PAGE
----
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Every Day is Earth Day for Some Manhattan Businesses

By Della Hasselle | April 21, 2011 8:16pm | Updated on April 22, 2011 7:05am

By Della Hasselle

DNAinfo Reporter/Producer

MANHATTAN — On Earth Day, many New Yorkers will stop and think about how they could make their lives greener and be more eco-friendly.

But for some small businesses in Manhattan, Earth Day isn't just on Friday, it's every day. DNAinfo spoke to three businesses that have made being eco-friendly a year-round practice.


Anvil Knitwear is a Manhattan-based T-shirt company that uses organic cotton and recycled materials for their "Eco-Collection."

The Midtown-based company recently launched a line called "TrackMyT" that allows consumers to trace their shirt's development online, all the way from the farm the cotton came from to the location of the store where it was purchased.

Anvil hopes to launch a public school lesson plan, complete with classroom farms, that shows how cotton is cleaned and how crop rotation is vital to organic farming. To mark Earth Day, Anvil will demonstrate the new program they hope to bring to New York City classrooms at the EarthFair art and music festival in Grand Central Terminal.

Hopefully, the lessons will teach students how and why buying organic materials is as important as buying organic groceries, said Anvil vice president Caterina Conti.

"You see that it's not just about cotton, but also about food," she said. "It's critically important that people understand how products are made."

One of the things that Manhattanites look for most when choosing environmentally-friendly businesses are transparent business practices and organic product ingredients, said Joanna Black, the president of nonprofit advocacy group Earth Day New York.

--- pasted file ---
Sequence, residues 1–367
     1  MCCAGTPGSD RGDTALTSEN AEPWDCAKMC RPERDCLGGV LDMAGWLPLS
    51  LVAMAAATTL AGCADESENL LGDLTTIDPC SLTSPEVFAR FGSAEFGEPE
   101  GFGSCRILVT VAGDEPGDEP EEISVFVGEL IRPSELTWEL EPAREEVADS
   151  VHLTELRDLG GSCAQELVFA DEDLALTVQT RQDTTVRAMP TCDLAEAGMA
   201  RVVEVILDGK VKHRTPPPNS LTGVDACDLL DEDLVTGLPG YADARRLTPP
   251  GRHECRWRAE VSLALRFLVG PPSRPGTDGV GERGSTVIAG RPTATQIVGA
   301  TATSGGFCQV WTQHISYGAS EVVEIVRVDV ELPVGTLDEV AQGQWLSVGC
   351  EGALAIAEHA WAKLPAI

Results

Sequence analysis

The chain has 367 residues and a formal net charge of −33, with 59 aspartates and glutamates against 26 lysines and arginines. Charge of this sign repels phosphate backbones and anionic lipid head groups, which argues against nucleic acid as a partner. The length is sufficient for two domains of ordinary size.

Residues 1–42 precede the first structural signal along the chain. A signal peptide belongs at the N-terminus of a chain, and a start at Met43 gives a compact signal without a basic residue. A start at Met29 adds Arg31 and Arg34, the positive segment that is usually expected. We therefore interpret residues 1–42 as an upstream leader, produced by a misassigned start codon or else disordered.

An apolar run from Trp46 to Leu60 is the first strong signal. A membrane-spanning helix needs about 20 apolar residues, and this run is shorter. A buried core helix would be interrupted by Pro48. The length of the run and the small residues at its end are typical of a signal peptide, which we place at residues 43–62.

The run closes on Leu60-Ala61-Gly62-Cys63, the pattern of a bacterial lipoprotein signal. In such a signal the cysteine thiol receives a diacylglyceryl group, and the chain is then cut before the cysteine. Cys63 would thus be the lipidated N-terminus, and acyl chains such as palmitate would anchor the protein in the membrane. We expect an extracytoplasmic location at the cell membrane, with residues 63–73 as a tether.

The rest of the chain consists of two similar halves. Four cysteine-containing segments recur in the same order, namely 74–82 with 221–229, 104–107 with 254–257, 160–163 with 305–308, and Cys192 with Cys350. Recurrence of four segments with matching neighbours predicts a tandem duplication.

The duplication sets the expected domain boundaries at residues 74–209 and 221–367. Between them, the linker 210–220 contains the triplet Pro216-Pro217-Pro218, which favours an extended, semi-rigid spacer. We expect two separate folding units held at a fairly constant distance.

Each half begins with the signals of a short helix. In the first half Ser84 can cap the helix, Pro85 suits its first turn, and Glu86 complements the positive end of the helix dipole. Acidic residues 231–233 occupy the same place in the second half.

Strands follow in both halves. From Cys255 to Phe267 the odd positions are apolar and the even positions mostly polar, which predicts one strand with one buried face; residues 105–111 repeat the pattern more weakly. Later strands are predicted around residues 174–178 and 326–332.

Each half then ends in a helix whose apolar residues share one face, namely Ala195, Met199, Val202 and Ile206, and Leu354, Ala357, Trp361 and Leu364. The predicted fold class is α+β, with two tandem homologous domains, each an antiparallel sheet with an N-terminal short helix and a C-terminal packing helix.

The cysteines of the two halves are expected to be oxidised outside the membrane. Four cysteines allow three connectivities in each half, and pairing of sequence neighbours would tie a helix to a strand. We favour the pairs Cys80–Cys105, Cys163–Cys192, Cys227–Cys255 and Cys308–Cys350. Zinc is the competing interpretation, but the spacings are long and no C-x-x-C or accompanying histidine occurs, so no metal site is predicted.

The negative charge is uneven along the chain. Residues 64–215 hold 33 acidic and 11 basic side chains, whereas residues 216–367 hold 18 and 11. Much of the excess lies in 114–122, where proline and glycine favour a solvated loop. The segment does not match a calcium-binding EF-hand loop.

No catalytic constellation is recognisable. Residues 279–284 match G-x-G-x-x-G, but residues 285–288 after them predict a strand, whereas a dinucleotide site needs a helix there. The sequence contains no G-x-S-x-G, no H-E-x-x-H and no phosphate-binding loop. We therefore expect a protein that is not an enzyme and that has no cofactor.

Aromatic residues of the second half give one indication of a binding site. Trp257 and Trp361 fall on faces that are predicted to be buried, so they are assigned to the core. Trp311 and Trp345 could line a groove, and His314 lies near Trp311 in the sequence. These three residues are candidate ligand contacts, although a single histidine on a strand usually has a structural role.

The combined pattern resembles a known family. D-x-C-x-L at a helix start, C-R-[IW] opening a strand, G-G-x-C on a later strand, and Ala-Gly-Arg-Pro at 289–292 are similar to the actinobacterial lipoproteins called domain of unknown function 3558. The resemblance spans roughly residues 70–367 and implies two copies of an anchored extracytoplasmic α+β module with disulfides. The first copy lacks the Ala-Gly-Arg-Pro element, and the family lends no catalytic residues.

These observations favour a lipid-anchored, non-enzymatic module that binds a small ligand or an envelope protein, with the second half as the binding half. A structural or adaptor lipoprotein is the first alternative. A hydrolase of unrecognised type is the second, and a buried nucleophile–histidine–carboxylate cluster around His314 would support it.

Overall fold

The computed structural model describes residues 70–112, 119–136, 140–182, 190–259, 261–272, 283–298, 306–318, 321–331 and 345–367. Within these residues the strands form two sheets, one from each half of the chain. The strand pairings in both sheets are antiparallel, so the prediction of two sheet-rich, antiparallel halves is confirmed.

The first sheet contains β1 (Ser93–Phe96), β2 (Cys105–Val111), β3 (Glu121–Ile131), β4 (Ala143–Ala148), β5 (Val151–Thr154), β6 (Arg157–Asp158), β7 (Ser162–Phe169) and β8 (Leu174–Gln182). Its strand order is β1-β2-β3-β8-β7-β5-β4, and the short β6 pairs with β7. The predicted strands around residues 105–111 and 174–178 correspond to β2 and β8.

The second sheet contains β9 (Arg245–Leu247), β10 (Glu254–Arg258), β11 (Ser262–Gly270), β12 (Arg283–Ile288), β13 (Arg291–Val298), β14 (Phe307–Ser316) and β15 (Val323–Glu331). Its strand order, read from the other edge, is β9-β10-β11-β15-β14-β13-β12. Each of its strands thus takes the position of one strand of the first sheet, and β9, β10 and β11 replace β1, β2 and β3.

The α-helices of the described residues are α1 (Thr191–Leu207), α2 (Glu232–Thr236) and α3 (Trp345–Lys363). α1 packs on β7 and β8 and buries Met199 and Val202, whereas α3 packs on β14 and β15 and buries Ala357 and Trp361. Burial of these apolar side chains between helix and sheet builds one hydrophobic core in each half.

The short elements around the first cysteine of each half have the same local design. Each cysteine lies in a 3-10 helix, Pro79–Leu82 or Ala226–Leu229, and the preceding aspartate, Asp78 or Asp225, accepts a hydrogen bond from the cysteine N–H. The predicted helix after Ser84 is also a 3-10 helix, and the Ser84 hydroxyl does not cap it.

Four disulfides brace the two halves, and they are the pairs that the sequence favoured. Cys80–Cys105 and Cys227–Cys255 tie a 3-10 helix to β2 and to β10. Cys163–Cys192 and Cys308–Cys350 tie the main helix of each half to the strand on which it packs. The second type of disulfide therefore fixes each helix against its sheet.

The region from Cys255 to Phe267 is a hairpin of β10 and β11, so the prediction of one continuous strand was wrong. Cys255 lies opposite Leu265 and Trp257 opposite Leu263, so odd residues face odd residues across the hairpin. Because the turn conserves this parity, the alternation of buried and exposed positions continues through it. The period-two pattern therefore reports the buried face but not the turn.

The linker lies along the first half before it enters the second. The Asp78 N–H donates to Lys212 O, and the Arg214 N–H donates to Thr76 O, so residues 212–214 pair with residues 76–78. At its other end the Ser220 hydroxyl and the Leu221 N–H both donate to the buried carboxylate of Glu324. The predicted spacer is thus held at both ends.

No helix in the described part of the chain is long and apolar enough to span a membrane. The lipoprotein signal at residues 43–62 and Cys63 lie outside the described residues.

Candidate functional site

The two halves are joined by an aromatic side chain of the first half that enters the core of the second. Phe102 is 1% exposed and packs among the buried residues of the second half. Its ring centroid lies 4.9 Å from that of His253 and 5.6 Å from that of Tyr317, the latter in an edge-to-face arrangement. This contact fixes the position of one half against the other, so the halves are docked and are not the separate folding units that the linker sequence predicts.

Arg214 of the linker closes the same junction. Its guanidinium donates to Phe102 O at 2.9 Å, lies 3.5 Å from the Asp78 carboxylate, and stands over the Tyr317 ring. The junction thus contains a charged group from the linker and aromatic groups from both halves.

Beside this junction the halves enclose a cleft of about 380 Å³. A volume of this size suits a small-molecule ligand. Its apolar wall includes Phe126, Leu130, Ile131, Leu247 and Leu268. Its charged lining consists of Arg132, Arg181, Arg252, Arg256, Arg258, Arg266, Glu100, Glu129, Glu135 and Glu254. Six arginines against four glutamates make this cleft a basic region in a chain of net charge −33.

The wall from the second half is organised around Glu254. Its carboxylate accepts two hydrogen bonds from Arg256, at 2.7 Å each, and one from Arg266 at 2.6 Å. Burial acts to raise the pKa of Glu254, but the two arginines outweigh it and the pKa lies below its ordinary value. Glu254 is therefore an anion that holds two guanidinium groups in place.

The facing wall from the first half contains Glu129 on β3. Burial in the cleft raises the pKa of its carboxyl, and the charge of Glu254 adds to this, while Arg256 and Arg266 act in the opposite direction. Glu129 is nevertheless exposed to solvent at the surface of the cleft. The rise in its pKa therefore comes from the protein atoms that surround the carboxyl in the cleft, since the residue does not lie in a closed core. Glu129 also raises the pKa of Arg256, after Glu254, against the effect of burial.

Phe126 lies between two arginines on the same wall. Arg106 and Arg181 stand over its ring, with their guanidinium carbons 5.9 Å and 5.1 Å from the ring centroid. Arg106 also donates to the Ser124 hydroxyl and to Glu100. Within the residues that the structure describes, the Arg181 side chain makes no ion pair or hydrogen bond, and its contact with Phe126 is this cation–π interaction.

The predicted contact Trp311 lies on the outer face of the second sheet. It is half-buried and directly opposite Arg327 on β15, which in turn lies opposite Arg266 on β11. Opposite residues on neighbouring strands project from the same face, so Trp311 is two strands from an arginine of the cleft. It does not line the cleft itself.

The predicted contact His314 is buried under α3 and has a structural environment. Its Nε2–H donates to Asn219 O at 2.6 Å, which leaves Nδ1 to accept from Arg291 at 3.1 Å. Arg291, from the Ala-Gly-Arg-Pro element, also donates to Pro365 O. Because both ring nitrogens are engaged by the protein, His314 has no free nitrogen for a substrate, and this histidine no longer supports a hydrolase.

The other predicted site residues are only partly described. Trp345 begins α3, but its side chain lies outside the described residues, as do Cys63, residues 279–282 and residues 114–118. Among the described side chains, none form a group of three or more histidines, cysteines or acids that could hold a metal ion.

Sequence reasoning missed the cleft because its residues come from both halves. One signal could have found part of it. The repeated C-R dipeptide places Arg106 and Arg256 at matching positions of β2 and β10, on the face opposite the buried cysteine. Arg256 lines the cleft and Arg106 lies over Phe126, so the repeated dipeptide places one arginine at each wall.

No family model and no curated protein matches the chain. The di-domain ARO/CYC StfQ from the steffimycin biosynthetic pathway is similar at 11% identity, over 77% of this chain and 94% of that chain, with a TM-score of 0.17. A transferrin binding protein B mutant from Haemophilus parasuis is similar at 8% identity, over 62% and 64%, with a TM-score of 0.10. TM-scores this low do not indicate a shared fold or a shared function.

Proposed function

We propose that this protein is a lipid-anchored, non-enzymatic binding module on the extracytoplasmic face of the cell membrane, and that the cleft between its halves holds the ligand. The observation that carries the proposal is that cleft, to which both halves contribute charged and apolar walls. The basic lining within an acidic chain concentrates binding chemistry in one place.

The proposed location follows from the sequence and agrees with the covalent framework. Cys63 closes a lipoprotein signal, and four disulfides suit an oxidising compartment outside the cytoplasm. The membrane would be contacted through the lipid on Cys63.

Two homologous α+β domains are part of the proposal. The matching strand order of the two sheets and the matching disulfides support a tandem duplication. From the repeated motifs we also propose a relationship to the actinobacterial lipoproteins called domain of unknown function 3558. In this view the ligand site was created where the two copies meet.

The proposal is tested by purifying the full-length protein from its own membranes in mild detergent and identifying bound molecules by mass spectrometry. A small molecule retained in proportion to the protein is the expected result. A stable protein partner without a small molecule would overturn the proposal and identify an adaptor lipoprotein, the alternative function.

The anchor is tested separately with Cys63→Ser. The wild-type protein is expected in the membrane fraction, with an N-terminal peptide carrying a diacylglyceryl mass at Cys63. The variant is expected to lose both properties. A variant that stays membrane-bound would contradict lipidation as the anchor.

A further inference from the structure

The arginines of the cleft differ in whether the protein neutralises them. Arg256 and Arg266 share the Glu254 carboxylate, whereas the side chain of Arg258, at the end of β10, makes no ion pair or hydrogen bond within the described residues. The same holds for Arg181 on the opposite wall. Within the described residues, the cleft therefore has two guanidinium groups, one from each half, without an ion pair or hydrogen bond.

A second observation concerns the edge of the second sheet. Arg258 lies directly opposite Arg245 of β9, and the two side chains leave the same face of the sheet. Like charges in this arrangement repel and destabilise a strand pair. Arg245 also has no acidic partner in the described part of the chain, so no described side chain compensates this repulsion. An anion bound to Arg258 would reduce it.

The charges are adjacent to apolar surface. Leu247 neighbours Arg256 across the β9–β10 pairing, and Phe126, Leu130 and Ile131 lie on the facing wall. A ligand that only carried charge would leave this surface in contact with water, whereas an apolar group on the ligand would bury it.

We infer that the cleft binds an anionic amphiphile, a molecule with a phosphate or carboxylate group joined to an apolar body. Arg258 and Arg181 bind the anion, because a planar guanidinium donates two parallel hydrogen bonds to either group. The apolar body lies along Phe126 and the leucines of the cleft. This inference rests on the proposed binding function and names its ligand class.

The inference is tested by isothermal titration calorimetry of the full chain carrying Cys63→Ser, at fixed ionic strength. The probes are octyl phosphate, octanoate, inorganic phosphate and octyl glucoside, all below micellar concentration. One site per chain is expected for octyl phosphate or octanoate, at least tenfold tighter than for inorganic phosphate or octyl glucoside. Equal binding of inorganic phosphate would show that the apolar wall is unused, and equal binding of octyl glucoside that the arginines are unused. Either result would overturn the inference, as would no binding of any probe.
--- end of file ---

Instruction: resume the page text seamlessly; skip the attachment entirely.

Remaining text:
"You want to know where a product comes from. Ten years ago, people didn't care so much," Black said. "Now with global warming they realize that protecting our resources is much more important."


Greenwich Village's GustOrganics says it's the first and only restaurant in New York to use completely USDA certified organic ingredients.

Located on Sixth Avenue and West 14th Street, the restaurant uses completely natural and local ingredients to create dishes such as grass-fed tenderloin in chimichurri sauce, homemade brioche with fresh orange marmalade and lentil and eggplant patty veggie burgers with baked sweet potato fries.

The restaurant also uses its own compost, runs off of wind energy, uses solar lighting, and even reduces its carbon footprint with corn straws and soy ink for its menus.

"New York is one of the most sophisticated societies in the world. But I didn't like the food. It wasn't fresh," GustOrganics' CEO Alberto Gonzalez, a native of Argentina, said about his motivation to start the restaurant in Manhattan.

"When I used to stay here for business, I noticed I was more tired, lacked energy, and gained a lot of weight. I realized I took for granted the freshness and quality of the food in Argentina."

Although Gonzalez is concerned about the environment, he maintains that his inspiration came from his years searching for the world's most delicious foods.

"You taste every single flavor and nothing more," he said.


The Upper East Side's Hallak Cleaners is already one of the city's 30 cleaners that uses green alternatives to traditional dry cleaning. But this year, the business — located on Second Avenue between East 64th and East 65th streets — has taken eco-friendliness a step further.

Hallak Cleaners has launched a Hanger Recycling Initiative. For every hanger returned, Hallak will donate 10 cents to the Making Headway Foundation, a New-York based organization that funds research and care for children with spine and brain tumors.

The company says the program will help reduce the estimated 15.5 million hangers that end up in landfills on a daily basis, the company said on its website.

The transition to eco-friendly business practice is here to stay in the city, Black said.

"It's really important for businesses to be green nowadays, because as a business owner, you need to stay on top of what is important to the local New Yorkers around you," she said.

"New Yorkers want to have a choice," Black said. "It's an expectation that there will be businesses out there who want to do the right thing."